If you ask riders about how they got into riding, a lot of them will tell you that it started at an early age. My boyfriend knew since he was six. And that’s awesome. When he was able to buy his first bike, he took the safety course and (carefully) hit the road.
But some people (like me), might just now have realized they want to ride, and might be nervous about immediately hopping on a motorcycle. I mean, I’d never driven a manual car, and I didn’t even have much practice riding a bicycle. I worried that I was too uncoordinated to ride a motorcycle, that I’d end up hurting myself. But after I took the safety course, I knew one thing — I wanted to ride. So I got a scooter.
I think scooters have gotten a bit of a bad reputation. Before I bought my own, I kind of looked down on them — which I’m kind of ashamed of now. Because, to tell you the truth, scooters are FUN. They’re easy, many of them can actually go pretty fast (my Piaggio 150 tops out around 60), and they have STORAGE. I can’t tell you how many times J has asked me to carry something in my seat 😉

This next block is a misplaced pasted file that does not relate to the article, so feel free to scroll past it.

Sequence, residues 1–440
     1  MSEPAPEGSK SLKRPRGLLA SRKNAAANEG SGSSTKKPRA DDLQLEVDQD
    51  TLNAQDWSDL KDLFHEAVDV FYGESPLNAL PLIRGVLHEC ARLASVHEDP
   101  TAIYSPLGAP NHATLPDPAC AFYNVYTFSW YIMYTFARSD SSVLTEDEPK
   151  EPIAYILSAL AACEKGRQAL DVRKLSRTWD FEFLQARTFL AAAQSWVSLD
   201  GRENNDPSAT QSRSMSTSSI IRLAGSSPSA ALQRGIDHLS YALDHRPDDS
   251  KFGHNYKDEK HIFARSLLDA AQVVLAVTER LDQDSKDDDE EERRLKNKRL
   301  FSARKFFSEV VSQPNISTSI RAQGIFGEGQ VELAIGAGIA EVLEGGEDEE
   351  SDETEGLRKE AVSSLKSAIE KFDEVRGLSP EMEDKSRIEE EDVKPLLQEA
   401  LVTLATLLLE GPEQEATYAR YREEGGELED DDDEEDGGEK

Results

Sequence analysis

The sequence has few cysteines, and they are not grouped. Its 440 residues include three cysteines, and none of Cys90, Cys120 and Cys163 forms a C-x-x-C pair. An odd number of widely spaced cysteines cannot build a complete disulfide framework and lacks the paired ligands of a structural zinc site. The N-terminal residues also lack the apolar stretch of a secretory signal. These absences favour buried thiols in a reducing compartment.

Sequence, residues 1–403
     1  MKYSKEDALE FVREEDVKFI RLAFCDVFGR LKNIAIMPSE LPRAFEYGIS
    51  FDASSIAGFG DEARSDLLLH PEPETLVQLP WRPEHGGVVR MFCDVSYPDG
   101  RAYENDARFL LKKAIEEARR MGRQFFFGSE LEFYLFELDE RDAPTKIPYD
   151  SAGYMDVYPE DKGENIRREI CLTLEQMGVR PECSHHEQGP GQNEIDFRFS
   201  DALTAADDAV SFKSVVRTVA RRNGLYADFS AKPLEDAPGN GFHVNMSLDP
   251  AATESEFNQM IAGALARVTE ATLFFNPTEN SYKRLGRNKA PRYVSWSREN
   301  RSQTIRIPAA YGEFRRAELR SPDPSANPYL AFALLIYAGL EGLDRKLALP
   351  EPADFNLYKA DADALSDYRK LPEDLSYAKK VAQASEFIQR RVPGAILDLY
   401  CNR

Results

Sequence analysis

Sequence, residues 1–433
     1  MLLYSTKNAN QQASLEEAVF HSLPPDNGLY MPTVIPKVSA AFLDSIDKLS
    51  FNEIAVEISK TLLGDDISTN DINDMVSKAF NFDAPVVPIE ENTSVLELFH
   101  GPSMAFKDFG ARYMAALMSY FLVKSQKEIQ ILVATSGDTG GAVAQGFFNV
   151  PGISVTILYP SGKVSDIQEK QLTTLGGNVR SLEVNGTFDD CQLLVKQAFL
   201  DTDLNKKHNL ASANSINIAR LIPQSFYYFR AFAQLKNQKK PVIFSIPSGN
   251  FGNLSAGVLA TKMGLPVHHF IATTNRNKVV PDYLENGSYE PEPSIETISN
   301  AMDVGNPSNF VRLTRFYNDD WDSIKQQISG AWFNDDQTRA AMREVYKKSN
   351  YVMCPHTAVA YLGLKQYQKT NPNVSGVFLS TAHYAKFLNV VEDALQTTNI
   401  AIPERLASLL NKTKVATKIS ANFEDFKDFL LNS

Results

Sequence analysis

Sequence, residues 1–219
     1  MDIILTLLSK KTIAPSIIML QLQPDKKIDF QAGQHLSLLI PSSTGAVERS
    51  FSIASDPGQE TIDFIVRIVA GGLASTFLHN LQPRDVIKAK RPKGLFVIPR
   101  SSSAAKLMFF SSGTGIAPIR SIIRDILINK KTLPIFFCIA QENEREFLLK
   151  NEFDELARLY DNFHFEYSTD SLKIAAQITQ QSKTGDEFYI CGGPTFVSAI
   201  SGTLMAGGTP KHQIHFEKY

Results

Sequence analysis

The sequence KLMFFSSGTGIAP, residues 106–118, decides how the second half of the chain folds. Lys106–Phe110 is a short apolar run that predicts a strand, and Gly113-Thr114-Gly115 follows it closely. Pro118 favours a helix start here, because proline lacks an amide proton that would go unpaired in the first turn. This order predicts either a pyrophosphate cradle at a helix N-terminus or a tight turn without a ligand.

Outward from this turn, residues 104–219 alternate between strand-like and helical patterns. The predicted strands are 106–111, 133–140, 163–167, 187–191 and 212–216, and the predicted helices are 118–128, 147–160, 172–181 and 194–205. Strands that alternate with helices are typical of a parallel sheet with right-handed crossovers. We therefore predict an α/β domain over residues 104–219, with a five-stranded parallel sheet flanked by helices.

Scooters are awesome, and if you’re anything like I was— wanting to ride but not really sure where to start — I think you should get one. Here’s why.
It’s easier to learn to balance.
For me, one of the hardest things about learning to ride a motorcycle was getting comfortable with its weight. I dropped the safety course bike several times simply because I didn’t know how to balance it as I came to a stop. Because my scooter is so much lighter, however, it was much easier for me to get comfortable balancing (and occasionally manhandling) my scooter to keep it upright.
After becoming comfortable with the feel of a heavy two-wheeled vehicle, I soon realized that I could handle MUCH larger bikes. For instance, I’ve ridden my friend’s 1200cc HD Forty-Eight without any issues (except when I hit a hole in the road during a turn, oops haha). My point is that it’s not so much an issue of strength as it is balance, so if you’re short-ish (like me) or you don’t have a whole lot of body strength (also like me), it might be good to start out with something lighter. I only dropped my scooter once the entire first year I had it!